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"For me, clean eating went a long way, but I knew I had to get active to really control my blood sugar. I eased into it, and now it’s routine."

My first “workouts” were just getting out and walking. From there, I picked up biking. Now I’ll hit the gym for some cardio and maybe play a little basketball with my kids. The thing is, you gotta have fun. If you’re doing something you like, you don’t sweat it as much. You can even change it up throughout the week. If you don’t know where to start, talk to your diabetes care team. As you may already know, doctors love telling people to exercise more, God bless ‘em!

Anthony Anderson is a paid spokesperson for Novo Nordisk, Inc.

Do what you love

Your physical activity program should include activities that you enjoy and that are convenient for you. If being active is more fun for you when you do it with someone else, ask a family member or friend to join you. You may also want to vary your routine to keep it interesting.

The American Diabetes Association (ADA) recommends being active for at least 30 minutes 5 days a week, or a total of 150 minutes a week. Your diabetes care team will help you develop an activity plan that is right for you.

If you haven’t been active in a while, the ADA suggests these tips:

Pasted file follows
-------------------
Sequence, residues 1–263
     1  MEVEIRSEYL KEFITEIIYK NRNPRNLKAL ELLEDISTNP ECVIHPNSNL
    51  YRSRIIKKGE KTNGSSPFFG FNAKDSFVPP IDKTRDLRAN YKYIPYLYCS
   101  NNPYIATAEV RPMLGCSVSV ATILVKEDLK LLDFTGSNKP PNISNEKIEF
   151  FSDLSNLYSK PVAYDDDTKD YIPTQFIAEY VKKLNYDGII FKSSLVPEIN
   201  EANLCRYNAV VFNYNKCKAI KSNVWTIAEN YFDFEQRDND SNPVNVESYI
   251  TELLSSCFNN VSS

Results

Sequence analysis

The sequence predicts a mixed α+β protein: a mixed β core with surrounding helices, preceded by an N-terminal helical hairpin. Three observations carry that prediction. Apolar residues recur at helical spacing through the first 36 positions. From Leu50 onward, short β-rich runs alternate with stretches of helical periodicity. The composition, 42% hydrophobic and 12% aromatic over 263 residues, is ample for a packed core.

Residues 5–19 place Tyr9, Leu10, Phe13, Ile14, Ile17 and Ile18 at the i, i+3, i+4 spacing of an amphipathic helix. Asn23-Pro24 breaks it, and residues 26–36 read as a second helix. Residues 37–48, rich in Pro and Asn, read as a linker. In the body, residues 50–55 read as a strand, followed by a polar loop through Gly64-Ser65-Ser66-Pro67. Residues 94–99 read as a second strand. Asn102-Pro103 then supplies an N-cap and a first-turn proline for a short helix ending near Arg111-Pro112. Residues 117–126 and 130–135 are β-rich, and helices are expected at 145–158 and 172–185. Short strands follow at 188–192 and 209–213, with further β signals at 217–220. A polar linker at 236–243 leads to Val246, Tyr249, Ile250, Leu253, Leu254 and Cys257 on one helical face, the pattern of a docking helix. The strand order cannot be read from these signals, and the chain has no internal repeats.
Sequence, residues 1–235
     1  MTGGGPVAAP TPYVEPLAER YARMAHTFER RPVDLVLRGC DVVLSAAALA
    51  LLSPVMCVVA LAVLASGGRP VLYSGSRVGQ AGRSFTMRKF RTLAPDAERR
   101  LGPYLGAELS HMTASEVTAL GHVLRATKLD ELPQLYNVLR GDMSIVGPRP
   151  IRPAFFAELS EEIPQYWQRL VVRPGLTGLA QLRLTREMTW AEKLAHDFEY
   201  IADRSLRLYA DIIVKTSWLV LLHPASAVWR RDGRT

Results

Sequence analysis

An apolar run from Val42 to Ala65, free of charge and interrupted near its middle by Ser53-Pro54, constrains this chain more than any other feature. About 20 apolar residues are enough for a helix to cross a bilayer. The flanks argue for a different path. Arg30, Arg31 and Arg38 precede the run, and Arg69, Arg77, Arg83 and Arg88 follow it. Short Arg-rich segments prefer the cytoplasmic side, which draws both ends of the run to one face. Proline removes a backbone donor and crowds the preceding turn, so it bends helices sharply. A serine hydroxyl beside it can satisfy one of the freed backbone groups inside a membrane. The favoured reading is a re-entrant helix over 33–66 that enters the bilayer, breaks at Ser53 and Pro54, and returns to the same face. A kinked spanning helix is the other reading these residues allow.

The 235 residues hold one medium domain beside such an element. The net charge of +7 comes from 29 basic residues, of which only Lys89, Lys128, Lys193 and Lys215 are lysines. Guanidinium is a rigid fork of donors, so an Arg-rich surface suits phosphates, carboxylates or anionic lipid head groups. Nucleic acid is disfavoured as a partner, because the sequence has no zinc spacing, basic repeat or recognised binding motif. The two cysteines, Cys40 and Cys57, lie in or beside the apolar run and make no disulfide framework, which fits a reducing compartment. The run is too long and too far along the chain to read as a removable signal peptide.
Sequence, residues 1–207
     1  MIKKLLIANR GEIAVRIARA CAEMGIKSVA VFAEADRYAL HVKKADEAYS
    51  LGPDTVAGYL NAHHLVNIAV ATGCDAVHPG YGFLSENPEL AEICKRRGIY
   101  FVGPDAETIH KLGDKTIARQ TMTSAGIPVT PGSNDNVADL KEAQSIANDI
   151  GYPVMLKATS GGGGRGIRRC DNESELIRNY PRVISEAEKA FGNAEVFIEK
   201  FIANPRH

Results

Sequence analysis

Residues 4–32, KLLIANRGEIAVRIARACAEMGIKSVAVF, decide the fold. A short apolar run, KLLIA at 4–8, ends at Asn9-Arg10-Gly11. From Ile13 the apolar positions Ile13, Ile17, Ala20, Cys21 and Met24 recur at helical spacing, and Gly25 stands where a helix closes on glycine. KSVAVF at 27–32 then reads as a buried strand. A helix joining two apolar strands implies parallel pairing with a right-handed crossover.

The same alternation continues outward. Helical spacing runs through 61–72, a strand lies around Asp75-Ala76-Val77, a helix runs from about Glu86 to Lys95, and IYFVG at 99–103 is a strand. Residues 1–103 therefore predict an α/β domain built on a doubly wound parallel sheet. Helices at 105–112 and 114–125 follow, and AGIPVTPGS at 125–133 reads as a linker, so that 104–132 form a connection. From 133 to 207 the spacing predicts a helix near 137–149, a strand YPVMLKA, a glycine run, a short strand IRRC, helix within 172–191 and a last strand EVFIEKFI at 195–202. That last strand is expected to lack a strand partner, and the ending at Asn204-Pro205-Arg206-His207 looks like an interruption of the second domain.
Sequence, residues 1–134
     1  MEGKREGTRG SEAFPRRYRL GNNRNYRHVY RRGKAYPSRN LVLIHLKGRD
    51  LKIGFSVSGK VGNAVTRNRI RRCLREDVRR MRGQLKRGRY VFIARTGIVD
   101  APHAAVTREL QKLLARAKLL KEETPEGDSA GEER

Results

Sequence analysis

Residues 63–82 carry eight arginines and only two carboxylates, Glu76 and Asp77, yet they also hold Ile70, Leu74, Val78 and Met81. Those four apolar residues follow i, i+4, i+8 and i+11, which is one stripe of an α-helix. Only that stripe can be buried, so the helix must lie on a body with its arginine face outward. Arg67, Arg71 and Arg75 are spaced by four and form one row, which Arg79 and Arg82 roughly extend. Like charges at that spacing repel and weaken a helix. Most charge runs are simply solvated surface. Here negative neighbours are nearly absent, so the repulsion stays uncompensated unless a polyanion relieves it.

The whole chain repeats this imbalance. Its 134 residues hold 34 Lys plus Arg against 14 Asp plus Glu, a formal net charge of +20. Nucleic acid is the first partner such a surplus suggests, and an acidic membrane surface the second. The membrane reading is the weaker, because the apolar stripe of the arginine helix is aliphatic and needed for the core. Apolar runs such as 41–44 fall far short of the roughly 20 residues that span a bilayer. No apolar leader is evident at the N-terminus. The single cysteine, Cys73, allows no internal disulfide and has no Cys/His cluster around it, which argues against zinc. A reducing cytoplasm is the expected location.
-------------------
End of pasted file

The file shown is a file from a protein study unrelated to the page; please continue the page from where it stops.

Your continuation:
• Keep sessions short; 10 minutes at a time is a good start
  • As you move forward in your activity plan, you may want to try adding a few minutes to your routine
  • While you’re active, if you need to, listen to your body and slow down or take a break
  • Always talk to your health care provider when you start or change any activity

Additional safety tips for physical activity

  • Bring a carbohydrate (or carb) snack with you in case your blood sugar drops too low. These are foods that are easily converted into sugar in the body (such as an appropriate sports drink, apple juice, or glucose tablets)
  • Take a day off if you’re not feeling well
  • Wear a medical ID bracelet or necklace
  • Protect your feet. Wear comfortable shoes and socks that fit
  • Check your feet after being active for any bruises or blisters
  • Always check with your health care provider about how to address your low blood sugar. If you feel shaky, sweaty, dizzy, or have other signs and symptoms of low blood sugar, tell your health care provider how often these things happen. He or she may need to change your diabetes care plan

If you’ve got these tips down, you’re off to a good start. But the key is to make your activity plan a regular part of your diabetes management. So stay with it, and stay active.

Keeping your feet healthy

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Anthony Anderson's diabetes story

Diabetes is diabetes, even if you’re a celebrity. Hear how Anthony got real about healthy eating, being active, and taking his medicine as discussed with his doctor.

Start your own story

Are you ready to put what you’ve learned into practice? Register for Cornerstones4Care® to get more content and resources to help you get started.

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